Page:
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Graphics for the web: GIF Format

The GIF (Graphics Interchange Format) format was invented in 1987 byCompuserve to allow images to be displayed. This format allows for 256colors (which was a lot at the time), compression, interlacing...

The GIF (Graphics Interchange Format) format was invented in 1987 by
Compuserve to allow images to be displayed. This format allows for 256
colors (which was a lot at the time), compression, interlacing and
animation. It is a very powerful format, suitable for many different types
of images.

Due to the limited number of colors, GIF is primarily useful in images with
a distinct separation of colors. A cartoon, for example, is ideal for the
GIF format.

When you save an image in GIF format, you have the option to specify how
many colors will be saved. By doing this you can decrease the size of an
image even further. All of the tools which are available to optimize GIF
images work by reducing the number of colors to the bare minimum. This can
produce astounding results in the size of the finished file.

Unlike JPEG, GIF uses a non-lossy compression algorithm. This means that
images do not loose bits when they are decompressed. In order to accomplish
this, GIF uses a proprietary encoding/decoding scheme called LZW (Lempel Zev
Welch). LZW is an excellent compression algorithm which typically results in
very small files (in comparison to fully expanded BMP files).

This compression method is actually the cause of a bit of controversy. As it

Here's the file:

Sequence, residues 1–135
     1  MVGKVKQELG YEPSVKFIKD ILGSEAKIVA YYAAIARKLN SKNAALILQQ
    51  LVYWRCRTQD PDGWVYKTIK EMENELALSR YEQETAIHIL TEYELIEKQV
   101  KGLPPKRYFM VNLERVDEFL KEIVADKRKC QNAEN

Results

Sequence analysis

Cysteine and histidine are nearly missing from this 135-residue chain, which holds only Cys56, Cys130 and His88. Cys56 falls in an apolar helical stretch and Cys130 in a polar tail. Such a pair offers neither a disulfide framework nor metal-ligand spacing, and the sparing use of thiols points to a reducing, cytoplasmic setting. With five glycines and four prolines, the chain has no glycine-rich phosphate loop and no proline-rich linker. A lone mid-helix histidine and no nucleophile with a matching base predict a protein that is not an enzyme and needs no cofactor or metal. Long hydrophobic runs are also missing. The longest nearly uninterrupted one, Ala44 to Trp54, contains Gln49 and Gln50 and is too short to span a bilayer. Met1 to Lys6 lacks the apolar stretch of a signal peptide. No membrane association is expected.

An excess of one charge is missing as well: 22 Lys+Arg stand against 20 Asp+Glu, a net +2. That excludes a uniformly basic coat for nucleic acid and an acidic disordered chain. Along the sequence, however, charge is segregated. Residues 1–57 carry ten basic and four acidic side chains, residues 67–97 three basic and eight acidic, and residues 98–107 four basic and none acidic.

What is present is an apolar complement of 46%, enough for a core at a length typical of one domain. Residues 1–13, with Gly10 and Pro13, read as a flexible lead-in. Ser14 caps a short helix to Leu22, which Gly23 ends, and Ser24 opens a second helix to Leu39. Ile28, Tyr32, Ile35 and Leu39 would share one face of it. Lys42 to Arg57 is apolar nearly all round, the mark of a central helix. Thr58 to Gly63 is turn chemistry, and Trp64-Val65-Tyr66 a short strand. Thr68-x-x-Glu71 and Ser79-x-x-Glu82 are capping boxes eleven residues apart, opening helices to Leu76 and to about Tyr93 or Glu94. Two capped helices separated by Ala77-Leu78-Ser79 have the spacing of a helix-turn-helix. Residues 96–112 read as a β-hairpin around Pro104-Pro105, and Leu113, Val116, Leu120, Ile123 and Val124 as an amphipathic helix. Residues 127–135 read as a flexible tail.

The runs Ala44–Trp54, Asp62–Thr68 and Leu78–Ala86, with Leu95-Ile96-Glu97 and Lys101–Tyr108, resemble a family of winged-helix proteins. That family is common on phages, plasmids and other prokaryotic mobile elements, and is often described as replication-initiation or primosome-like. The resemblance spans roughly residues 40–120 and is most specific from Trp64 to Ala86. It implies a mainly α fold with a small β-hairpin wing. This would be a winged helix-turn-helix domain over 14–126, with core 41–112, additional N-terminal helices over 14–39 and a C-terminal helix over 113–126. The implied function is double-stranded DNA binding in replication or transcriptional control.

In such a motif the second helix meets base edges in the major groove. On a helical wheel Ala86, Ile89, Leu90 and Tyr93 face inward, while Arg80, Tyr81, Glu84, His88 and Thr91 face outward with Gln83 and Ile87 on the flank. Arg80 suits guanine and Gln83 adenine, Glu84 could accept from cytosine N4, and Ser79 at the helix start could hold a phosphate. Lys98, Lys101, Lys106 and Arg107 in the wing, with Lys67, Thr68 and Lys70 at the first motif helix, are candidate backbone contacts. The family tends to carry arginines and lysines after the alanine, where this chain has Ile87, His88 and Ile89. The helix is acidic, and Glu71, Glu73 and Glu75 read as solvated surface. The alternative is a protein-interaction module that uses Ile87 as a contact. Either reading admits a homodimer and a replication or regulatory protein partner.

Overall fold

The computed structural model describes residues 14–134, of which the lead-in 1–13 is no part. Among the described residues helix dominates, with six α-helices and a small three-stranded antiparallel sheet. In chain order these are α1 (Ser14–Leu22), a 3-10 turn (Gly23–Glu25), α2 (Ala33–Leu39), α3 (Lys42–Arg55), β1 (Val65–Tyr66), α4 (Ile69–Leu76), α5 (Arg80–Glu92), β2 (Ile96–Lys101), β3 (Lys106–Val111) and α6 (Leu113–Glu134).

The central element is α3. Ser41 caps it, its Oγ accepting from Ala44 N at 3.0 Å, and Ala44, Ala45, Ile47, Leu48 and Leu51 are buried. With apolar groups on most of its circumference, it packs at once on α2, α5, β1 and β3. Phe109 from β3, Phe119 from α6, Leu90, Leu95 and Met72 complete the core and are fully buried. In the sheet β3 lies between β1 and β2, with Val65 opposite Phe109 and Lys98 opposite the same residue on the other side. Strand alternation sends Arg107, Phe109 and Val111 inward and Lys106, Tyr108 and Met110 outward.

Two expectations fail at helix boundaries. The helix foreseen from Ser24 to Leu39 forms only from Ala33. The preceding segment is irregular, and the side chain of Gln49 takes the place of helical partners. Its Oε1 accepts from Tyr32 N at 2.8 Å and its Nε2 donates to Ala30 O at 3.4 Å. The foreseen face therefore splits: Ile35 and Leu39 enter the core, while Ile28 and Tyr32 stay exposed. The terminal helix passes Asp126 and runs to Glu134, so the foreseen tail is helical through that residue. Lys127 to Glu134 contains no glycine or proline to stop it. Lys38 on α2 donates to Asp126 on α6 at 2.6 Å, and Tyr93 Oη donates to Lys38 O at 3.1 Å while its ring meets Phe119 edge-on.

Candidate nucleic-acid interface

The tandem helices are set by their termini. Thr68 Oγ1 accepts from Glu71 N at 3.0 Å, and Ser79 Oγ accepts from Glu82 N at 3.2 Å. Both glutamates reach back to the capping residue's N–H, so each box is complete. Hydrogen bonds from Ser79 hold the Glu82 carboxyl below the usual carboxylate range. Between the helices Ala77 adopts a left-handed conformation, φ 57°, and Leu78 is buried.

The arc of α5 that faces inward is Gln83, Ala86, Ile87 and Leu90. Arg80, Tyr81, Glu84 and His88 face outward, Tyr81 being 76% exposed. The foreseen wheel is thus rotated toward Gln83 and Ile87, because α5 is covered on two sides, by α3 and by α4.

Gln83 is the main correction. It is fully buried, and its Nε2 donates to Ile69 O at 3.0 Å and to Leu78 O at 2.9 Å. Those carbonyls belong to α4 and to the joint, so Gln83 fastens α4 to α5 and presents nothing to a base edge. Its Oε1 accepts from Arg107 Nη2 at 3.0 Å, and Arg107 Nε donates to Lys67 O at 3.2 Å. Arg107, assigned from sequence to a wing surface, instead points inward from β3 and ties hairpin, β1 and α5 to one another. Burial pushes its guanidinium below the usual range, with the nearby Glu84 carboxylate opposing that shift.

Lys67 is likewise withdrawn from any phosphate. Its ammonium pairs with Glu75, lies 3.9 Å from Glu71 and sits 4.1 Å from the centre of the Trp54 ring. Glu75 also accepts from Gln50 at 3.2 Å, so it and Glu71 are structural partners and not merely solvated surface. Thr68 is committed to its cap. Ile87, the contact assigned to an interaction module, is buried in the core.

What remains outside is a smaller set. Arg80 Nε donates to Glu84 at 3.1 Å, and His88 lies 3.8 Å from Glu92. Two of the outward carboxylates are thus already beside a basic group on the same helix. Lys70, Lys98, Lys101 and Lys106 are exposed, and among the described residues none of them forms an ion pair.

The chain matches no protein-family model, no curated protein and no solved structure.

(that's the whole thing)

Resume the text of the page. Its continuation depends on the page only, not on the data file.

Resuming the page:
turns out, LZW is owned by UniSys, and over the past few years they have
made some attempts to collect licensing fees for products which save in the
GIF format. These attempts have had mixed results, and has caused the
development of a new non-proprietary standard called PNG.

You may indicate that a color in a GIF image is transparent, meaning
whatever is below the image will show through.

The GIF89a standard included animation, which basically allows multiple
images to be included in a single GIF file. In that image you can specify
the timing that the frames are shown and whether or not the animation stops
or loops forever.

Interlacing is a cool feature which allows graphics to be "faded in".
Initially a very low quality image is displayed, and bits are slowly added
as the entire image is received. GIF supports this feature, which is useful
for displaying very large images quickly.

An interesting albeit little known fact about GIF images is that they can
include commentsFree Articles, which take up space and make the graphic larger. There are
a number of products which will remove these comments. I found that the
freeware program called GIFclean is simple to use and works well.

Source: Free Articles from


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